What do you think the right number is to reach pretirement?

My advice to the young folks

The financial advice I wish I’d been given

When deciding to start writing this blog, one of the visions I had in my head was of some teenager (perhaps one of my nephews) stumbling upon it and realizing what was possible early enough to have an amazing life, even if they didn’t come from amazing circumstances.

You see when I look back to my younger days, I now see that I didn’t have much intelligent financial guidance. I got a few great tips here and there from teachers and relatives. Some of that advice included:

  • Never carry a balance on a credit card
  • Only have one credit card at a time
  • Never use store cards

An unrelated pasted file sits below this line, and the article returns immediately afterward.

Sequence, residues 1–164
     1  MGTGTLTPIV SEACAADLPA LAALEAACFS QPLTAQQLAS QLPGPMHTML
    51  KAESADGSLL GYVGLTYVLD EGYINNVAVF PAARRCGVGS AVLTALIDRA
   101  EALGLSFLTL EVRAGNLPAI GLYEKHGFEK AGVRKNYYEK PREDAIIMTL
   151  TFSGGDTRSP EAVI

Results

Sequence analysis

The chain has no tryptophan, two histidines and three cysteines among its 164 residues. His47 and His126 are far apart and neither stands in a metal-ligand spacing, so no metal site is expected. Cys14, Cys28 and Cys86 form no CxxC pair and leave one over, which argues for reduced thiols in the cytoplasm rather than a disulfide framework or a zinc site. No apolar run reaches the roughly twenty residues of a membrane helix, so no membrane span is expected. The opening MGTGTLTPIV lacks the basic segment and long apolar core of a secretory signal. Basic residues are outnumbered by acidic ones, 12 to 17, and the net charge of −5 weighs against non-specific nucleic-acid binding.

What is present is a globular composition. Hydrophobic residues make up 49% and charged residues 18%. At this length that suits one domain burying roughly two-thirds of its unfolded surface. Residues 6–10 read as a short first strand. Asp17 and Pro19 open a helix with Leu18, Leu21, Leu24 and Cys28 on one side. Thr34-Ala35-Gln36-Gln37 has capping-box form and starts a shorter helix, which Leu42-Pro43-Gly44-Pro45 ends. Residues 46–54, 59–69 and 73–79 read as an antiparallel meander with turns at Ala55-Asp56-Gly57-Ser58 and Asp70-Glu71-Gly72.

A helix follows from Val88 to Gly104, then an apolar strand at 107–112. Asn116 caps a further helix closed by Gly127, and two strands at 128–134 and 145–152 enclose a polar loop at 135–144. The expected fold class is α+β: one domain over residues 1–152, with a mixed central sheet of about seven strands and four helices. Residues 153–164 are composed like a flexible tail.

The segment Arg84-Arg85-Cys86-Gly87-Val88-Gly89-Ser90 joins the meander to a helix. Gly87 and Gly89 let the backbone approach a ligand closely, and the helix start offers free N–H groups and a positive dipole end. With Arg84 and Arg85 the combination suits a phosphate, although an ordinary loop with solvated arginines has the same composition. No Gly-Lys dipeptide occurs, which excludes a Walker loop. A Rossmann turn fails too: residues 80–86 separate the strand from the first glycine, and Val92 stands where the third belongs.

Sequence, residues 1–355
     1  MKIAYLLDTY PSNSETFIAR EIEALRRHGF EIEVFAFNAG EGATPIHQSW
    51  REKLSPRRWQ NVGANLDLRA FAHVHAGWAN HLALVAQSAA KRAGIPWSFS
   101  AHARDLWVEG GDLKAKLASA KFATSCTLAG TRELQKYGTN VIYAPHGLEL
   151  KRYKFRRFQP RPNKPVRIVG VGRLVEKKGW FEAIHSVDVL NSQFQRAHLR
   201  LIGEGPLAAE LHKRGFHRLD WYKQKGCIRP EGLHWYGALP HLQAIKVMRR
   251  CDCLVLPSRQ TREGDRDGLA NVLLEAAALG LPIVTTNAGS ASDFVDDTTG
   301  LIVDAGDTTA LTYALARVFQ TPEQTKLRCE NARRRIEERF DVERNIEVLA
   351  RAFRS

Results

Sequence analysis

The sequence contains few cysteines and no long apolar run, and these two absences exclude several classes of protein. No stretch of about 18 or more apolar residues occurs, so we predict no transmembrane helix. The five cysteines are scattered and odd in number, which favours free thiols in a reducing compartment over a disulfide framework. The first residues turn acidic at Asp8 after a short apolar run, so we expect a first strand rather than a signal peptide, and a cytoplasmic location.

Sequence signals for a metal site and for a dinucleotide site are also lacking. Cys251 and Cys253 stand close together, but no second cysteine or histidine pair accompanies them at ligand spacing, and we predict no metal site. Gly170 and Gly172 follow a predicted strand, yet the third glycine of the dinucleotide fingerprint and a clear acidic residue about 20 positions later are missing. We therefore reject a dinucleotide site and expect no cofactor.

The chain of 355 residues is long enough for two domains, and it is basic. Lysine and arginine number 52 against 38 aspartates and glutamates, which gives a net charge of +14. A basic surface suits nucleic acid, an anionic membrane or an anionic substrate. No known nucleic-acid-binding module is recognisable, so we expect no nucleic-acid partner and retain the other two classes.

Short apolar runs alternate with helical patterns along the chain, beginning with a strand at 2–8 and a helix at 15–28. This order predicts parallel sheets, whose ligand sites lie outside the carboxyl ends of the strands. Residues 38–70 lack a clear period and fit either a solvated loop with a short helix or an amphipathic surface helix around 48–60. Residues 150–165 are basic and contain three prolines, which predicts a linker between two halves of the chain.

• Always pay cash for cars
  • Only use credit for emergencies, houses and education
  • Always balance your checkbook
  • Never charge more than the amount you have in the bank at any one time
  • Don’t be tricked by sales into paying interest on a card

And so on. All great advice and for the most part I did very well by following that guidance. In fact people who don’t have basic ability to manage their finances in this manner have no business even contemplating pretirement. Unfortunately that advice, as great as it is, is as basic as being taught to read. Reading is important, but if you want to, say, be a scientist, you need to learn much, much more. There are those very special people out there who figure out the puzzle on their own, but for most of us average folks, we have to decode this mystery on our own. If we’re lucky, we’ll figure it out before we’re too old to benefit.